When we say we’re product focused, ethically led company, it simply means, at the end of the day we are product driven business where the most important thing is making sure our crisps taste the best they can be but we follow the most ethical way of producing our crisps and whats important is that we question each stage of our production to make sure its ethical as can be”.
The process of making the salmon skin chips is very simple – first they smoke the skins and then bake them, which Dan says, retains nutrients and the smoking gives them a nice flavour and reduces any overly fishy taste. Their website states:
Sea Chips are 100% natural, very high in protein, carb and sugar free, and high in Omega 3.
Their efforts it seems are paying off! They were recently awarded a BAP certification for best aquaculture process and are the only fish processor in the UK to have this award.
I had to ask about their packaging, which Dan explained it was certainly something they were exploring.
Dan said: “There are only compostable alternatives available but the UK is simply not set up to to actually compost them properly so as soon as there is a viable option we will be switching”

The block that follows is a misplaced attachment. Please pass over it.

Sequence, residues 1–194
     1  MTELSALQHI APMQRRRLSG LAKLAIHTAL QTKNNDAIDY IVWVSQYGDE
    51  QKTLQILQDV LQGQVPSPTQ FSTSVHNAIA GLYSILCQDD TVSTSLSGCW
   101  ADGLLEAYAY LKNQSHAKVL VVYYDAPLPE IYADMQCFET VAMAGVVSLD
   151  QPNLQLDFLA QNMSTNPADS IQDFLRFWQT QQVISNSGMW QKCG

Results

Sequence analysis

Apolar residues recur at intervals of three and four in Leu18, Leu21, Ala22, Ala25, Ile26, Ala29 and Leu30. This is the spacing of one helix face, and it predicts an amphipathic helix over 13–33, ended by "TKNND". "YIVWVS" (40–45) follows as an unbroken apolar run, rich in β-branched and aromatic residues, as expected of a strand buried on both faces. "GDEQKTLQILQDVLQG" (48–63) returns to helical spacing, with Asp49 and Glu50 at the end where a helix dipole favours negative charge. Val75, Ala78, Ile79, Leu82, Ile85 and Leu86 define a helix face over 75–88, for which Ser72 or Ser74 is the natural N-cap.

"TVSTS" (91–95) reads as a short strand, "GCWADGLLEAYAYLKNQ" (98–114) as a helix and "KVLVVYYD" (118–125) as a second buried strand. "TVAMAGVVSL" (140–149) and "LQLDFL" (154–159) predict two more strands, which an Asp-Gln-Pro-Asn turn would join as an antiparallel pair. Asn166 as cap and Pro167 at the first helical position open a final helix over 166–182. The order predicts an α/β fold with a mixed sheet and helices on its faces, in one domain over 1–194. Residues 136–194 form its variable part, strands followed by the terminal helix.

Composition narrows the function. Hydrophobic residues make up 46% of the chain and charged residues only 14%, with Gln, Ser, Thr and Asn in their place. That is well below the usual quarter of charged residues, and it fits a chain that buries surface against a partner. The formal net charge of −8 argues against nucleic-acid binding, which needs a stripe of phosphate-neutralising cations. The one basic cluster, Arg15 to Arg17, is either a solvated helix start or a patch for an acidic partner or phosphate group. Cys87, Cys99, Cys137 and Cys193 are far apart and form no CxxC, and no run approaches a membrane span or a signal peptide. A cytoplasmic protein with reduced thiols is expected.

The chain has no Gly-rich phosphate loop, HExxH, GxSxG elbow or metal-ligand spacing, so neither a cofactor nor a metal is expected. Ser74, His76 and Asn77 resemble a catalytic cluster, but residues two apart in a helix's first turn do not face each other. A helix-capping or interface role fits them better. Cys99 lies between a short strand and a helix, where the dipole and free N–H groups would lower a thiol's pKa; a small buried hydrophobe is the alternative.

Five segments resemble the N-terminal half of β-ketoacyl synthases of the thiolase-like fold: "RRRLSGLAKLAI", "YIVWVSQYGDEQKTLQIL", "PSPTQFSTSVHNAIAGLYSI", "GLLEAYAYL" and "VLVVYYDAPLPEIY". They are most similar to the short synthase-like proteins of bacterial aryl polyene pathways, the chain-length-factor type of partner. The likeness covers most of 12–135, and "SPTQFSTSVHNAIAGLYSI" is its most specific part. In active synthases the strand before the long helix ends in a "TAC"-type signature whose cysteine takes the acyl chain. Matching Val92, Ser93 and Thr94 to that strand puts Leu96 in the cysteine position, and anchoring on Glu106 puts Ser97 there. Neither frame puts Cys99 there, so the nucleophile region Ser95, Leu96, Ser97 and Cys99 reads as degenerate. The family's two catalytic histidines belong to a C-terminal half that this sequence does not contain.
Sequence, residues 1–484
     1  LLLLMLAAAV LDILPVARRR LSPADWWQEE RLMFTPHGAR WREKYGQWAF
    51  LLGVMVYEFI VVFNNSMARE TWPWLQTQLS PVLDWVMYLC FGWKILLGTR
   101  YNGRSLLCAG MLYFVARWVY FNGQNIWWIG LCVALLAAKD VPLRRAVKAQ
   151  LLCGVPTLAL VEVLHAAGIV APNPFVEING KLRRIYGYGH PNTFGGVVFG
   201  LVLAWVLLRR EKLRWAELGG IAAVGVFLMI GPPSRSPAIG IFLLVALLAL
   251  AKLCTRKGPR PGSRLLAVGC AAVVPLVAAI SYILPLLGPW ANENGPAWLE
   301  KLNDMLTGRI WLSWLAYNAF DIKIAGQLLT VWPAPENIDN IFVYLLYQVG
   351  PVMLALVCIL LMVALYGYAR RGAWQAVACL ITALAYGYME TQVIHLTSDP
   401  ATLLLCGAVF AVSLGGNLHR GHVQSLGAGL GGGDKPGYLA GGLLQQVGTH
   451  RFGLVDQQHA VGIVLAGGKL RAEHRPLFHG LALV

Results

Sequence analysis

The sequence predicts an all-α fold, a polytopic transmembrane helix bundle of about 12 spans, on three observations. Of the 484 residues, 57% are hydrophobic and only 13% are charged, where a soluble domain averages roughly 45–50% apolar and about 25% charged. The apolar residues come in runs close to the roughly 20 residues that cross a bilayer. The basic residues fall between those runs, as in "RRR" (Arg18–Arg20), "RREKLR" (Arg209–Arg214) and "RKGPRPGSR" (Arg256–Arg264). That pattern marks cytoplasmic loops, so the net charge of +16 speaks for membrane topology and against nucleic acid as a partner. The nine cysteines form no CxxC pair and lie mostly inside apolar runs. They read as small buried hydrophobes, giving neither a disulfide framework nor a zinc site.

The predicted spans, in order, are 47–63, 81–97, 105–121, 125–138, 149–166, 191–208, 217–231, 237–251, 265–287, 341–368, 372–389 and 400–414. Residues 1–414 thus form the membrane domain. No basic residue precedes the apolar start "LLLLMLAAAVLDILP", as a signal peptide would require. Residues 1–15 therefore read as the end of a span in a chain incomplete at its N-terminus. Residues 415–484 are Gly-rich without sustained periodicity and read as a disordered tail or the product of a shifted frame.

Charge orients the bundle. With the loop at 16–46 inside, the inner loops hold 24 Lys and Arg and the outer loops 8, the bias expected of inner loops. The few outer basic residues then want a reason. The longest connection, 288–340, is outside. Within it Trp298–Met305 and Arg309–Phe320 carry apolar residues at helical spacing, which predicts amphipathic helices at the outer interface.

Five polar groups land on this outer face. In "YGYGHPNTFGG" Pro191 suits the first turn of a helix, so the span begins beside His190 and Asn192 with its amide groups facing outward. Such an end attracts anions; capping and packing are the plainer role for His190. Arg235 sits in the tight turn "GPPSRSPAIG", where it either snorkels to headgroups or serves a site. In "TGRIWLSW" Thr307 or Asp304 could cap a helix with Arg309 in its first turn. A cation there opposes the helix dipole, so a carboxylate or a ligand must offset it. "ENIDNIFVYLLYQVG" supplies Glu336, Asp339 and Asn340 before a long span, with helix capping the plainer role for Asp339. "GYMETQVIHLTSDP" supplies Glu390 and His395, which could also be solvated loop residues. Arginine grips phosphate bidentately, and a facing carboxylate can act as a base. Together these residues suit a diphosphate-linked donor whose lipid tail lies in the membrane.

Where can you buy them and what flavours do they have?
Lightly Salted – Simply seasoned to enhance the flavour, if you love crispy fish skin on its own, then this is the one for you!
Lime and Chilli – Sharp, citrus savoury salmon skin crisp with a kick of a specially blended chilli mix
Salt and Vinegar – Envisage eating fish and chips by the seaside, with lashings of malt vinegar that wafts through your senses with a sprinkle of Cornish sea salt.
I’ve tried the lightly salted and the salt and vinegar so far and the salt and vinegar is my favourite. They’re crunchy and tangy and absolutely delicious! They make a great snack on their own, with a tipple or two, and can also be crunched up to use as a topping on other dishes.
I also have it on good authority that they will soon be launching a salmon jerky as well as line of pet treats called Sea Snax!
If you want to know more about Sea Chips and what they are doing to help sustainable fishing, check out their website via the button below.
It’s not just salmon skin crisps
Salmon skin is an incredibly versatile product and has long been used to create salmon leather.
Salmon skin leather is very strong, thin and flexible and of course has great water resistance qualities. It is also reported to be more eco friendly than normal leather derived from cattle skin (even though it is more expensive) It is often compared to snake skin leather, but it has a much softer feel.
Fish canneries normally dump the skins in the ocean, but in recent years making fish leather is a craft that is gaining renewed interest and is now being used to make footwear, bags, belts, wallets and even laptop and mobile phone covers.
The future of salmon skin
Whether salmon is being used for food, health supplements or leather, provided the salmon used is ethically sourced to begin with, there is some comfort in knowing that no part of the fish needs to go to waste. We just need to make sure our fish suppliers know this.